by Joe Ierano DC BCAO
Roy W. Sweat, D.C., B.C.A.O., is a 1950 graduate of Palmer College of Chiropractic and has been in practice ever since and currently manages a clinic in Atlanta, Georgia, USA.
An associate professor at Life College, he is a noted author of many books on atlas orthogonality and was a presenter of specialized seminars on programs developed by John F. Grostic, beginning in 1960, and on his own atlas orthogonality program, created in 1981. He has designed an atlas orthogonal computerized X-ray analysis program, a chiropractic adjusting instrument and X-ray equipment.
My experience with this man is that he is innovative, humble and dedicated to public health. I spent time in his office gaining a feel for practice as a student and I made several pleasant trips to Atlanta, Georgia that remain unforgettable experiences.
Dr Roy’s son, Matt and his wife Tecla, made me feel like a family member, though I was so far from home.
AO’s application of anatomical knowledge, including dissection, arthrokinematics and patient management is second to no other discipline or basic academic curriculae.
I would encourage all people interested in disorders of the spine to at least gain an appreciation of this man’s work.
Atlas (the first vertebra in the neck) Orthogonal (at 90 degrees) recognises the whole influence that the upper cervical (upper neck) area has on body function. It is now thought that input into the brain from the spinal structures is the main influence on health which chiropractic affects.
This input is what chiropracic care seems to normalise through high velocity, specific manual force input. This influence is perhaps greatest at the occipito-atlanto-axial joint complex. That is, the occiput, or base of the skull, on the atlas, which contacts the axis, or second neck vertebra. If the atlas is subluxated (misaligned, not moving correctly, or adversely affecting nerves), then myriad health problems may arise.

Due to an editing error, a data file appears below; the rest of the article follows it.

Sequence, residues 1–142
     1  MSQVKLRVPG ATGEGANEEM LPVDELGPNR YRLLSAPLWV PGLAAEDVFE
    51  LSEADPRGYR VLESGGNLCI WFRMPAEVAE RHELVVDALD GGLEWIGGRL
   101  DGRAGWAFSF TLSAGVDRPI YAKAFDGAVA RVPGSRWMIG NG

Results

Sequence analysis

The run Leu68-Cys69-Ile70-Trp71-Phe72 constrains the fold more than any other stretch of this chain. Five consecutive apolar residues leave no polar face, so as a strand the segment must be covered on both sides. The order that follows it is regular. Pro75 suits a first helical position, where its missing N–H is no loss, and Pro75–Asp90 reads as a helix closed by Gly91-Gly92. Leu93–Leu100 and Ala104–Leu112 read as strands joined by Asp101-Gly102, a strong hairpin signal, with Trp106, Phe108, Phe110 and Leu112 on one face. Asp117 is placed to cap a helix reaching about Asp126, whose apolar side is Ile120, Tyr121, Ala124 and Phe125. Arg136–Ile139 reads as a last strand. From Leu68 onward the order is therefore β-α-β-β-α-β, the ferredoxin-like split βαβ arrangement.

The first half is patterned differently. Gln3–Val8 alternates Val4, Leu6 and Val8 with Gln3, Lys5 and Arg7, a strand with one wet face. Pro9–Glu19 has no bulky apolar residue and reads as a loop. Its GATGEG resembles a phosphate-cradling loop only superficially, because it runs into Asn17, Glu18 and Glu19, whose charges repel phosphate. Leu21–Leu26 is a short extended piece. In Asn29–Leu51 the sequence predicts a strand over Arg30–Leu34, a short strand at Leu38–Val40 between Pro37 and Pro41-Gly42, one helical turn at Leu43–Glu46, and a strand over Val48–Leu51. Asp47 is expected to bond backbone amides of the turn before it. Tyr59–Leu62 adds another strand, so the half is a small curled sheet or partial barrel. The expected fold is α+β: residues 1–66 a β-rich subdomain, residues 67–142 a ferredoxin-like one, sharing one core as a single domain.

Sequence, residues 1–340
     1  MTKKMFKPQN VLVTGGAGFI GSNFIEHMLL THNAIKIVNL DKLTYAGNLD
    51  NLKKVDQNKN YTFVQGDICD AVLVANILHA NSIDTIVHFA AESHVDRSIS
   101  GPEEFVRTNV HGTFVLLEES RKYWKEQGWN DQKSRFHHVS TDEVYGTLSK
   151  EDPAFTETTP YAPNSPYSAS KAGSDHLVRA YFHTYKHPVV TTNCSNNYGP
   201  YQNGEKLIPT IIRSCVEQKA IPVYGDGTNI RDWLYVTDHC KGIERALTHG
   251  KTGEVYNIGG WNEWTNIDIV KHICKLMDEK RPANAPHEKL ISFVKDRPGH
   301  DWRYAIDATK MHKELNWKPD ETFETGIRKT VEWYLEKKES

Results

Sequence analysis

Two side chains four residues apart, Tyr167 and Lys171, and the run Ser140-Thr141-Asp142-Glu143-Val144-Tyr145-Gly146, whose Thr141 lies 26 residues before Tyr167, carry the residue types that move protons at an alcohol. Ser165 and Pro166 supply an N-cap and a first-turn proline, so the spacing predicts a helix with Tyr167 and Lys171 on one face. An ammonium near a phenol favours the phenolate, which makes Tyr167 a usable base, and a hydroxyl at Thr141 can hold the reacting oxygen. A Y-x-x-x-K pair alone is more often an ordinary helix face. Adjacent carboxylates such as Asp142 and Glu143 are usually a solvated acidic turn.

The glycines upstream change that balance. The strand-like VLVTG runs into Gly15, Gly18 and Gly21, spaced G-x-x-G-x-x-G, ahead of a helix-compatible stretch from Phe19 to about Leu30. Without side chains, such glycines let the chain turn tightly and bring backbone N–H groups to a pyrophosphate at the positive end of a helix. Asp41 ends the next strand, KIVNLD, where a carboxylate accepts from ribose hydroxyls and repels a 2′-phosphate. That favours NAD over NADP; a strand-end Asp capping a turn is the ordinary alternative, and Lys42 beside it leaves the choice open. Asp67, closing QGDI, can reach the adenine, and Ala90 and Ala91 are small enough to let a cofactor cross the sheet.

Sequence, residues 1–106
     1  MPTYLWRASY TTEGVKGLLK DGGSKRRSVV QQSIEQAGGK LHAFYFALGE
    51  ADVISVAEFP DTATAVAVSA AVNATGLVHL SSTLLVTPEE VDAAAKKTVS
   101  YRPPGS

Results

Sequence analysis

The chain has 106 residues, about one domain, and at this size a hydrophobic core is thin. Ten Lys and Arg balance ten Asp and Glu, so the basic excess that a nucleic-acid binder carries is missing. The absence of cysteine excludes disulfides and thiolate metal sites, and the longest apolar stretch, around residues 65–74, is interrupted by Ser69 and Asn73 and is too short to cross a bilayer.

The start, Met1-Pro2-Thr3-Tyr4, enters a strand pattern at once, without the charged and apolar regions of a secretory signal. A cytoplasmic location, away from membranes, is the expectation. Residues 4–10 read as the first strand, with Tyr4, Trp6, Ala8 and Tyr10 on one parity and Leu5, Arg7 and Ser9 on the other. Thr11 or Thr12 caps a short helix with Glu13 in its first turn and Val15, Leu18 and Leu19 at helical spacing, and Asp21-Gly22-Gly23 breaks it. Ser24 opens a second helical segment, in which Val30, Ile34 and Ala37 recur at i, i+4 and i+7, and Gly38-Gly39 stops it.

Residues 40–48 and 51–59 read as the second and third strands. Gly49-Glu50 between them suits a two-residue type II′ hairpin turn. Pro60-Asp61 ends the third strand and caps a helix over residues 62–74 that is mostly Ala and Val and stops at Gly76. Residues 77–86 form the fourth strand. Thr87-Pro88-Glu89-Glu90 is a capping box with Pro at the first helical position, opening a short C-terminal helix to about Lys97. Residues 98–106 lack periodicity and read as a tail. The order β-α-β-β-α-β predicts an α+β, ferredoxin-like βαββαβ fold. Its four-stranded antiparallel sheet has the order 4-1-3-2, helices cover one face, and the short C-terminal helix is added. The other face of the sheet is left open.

It is thought that the input from the body to the brain, through the spine, is what chiropractic affects and normalises.
How the Instrument Works
Uniqueness of instrument adjusting
• Dr Sweat adjusted by hand for over 20 years, so he would be the last to claim that it does not get results. He then switched to instrument for the correction of atlas problems. I have offered up some points to consider about instrument adjusting
• an instrument may remove some human variables that exist in hand contacts and thrust variation
• speeds unattainable by voluntary muscular contraction are produced efficiently
• the correction occurs within the normal range of motion of the vertebra, and thus differs from manipulation which, by definition, takes the joint (or several joints) beyond the end range of motion.
• After several prototypes, the instrument today is made from a specific metallic density and activated by a solenoid. That is; a magnetically activated impact on one end of the stylus that transfers to the end in contact with the skin surface. The force generated on the skin is as little as 3 pounds. The movement of the atlas bone has been verified on cineradiographic studies.
How is the Atlas determined to need and Adjustment?
• a thorough history and examination is conducted
• this includes scanning palpation, and a leg length check, described below
• a specific set of AO x rays are taken
• the information is presented, along with choices, risks, etc, to the patient who may elect to have it corrected
Is Leg Length Inequality related to health outcomes?
• Recent studies demonstrate that this phenomenon of leg length inequality (LLI) may be involved in spinal pain syndromes.
• The patient lies on their back, and doctor contact with the legs and feet is kept to a minimum, the difference in leg length measured. This is measured again when the patient rests after each adjustment, and the chiropractor assess what the change means.
What is Scanning Palpation?
• The AO practitioner contacts the soft tissue overlying the points of exit of the left and right C1 and C2 spinal nerves and assesses tissue compliance, inflammation and tenderness. The four points are then rated from 0 – 3, with 3 being the most severe and usually eliciting a painful “jump sign” from the patient. There should be some immediate improvement in the scanning palpation after adjustment.
• If more objectivity is desired, the more accepted method of algometry (use of a skin pressure instrument) over the neck can elicit the same documentation, in my experience. Instruments are being developed in the USA to provide objective measurement based on tissue compliance.